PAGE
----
September 4, 2020
Researchers Have Questions About the Ideal Timing, Target, and Setting
- A few investigational CAR T-cell therapies for multiple myeloma have shown positive response rates and progression-free survival
- However, this treatment is still not curative
- Researchers have many remaining questions — including when in the disease course is the best time to administer this therapy
Chimeric antigen receptor (CAR) T-cell therapy is showing great promise in multiple myeloma, as evidenced by a trio of investigational therapies presented at this year’s ASCO conference. “CAR-Ts are one of the most exciting technologies that we have in trials, and hopefully in approvals soon,” says Mount Sinai hematologist-oncologist, Dr. Joshua Richter during SurvivorNet Connect’s virtual conference on multiple myeloma developments.
Janssen’s investigational CAR T-cell therapy, JNJ-4528, had a 100% overall response rate, with 86% of patients still alive and progression-free at 9 months. “What was really remarkable, I think, was the depth of response,” says UCSF Health hematologist, Dr. Nina Shah. Another promising candidate, BB2121, had an 83% response rate, and added nearly one year of progression-free survival (PFS) in heavily pre-treated patients. “Never before this had we seen such remarkable data in people with six prior lines of therapy,” she says.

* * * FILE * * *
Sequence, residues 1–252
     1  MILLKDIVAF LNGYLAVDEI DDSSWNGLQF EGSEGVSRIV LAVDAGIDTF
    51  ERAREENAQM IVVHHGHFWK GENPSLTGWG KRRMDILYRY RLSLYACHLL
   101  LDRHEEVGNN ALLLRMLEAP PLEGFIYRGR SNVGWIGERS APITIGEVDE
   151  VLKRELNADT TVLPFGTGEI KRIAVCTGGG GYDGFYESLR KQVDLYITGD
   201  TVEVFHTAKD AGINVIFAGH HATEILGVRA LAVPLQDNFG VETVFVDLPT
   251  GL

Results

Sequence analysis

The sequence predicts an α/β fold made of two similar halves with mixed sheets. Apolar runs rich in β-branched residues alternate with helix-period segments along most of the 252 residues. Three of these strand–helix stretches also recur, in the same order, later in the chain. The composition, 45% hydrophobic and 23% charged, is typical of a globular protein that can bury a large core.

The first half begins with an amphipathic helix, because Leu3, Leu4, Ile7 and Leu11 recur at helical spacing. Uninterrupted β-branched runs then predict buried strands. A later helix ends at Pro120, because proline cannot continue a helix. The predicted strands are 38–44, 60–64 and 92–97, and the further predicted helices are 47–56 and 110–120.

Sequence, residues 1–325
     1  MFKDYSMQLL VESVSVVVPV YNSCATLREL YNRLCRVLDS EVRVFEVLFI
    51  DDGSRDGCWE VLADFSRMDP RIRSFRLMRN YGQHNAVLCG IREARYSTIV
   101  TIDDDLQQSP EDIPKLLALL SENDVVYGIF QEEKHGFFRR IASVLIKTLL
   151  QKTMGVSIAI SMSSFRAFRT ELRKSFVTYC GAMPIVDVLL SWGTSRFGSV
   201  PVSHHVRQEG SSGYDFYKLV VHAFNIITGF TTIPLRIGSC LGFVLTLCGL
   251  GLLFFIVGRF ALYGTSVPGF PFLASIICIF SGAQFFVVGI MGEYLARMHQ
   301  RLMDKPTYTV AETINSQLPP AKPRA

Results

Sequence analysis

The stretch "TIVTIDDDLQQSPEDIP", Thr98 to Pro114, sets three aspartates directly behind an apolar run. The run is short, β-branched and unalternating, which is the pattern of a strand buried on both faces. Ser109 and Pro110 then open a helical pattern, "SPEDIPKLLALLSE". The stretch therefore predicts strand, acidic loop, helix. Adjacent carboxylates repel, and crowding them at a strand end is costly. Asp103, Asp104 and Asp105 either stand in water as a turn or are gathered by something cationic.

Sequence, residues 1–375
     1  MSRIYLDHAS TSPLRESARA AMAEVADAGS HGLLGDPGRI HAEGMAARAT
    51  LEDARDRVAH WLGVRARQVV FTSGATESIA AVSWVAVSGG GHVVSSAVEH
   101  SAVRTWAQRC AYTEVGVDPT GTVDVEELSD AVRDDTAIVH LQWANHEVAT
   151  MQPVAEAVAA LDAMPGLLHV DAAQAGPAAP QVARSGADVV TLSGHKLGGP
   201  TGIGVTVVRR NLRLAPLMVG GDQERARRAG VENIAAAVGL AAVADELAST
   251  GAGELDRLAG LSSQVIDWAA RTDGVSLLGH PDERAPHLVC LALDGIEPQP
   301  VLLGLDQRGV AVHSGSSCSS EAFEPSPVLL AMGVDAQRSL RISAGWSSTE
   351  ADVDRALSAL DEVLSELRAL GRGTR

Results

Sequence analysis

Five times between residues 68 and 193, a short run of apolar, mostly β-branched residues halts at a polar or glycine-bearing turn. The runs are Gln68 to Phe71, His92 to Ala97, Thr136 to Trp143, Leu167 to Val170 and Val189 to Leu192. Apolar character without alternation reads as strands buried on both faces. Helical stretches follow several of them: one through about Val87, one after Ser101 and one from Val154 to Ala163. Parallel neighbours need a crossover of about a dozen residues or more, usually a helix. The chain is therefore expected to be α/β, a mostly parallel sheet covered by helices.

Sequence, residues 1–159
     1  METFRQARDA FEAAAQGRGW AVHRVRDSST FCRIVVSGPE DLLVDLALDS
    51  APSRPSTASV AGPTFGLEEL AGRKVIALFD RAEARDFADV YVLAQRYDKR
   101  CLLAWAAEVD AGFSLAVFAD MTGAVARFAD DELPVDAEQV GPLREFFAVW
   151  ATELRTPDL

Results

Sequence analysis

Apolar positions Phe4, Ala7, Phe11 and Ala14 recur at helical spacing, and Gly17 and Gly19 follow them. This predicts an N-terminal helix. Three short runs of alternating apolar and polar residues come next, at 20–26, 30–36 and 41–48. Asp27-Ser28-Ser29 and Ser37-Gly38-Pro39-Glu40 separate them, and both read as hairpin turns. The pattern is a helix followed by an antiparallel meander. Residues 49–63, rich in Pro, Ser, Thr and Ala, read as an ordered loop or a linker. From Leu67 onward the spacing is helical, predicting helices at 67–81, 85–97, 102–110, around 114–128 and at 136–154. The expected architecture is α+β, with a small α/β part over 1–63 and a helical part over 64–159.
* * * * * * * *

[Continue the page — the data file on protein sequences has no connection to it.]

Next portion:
Given the patient population receiving this therapy, eight to 12 months of PFS is “extremely good,” says Mayo Clinic medical oncologist, Dr. Vincent Rajkumar. However, Dr. Shah adds, “it’s still not a cure and we have a lot of work to do.”
Researchers have several open questions about the treatment, including the best target, the best time to administer it, and the best setting. “I think we have more questions than answers at the moment,” Dr. Richter says.
Cost is currently one barrier standing in the way of CAR-T as a curative therapy. New platforms like Prodigy are enabling research centers to make their own CAR T-cells more efficiently and inexpensively. Once this therapy becomes more cost-effective, researchers will have the option of trying it earlier in the course of the disease.
“If we’ve got an immunological platform that’s transformative, and if we bring it earlier, I’m really hopeful that we’ll see incredibly enhanced outcomes that look toward a functional cure for a large number of our patients,” says Dana-Farber Cancer Institute medical oncologist, Dr. Paul Richardson.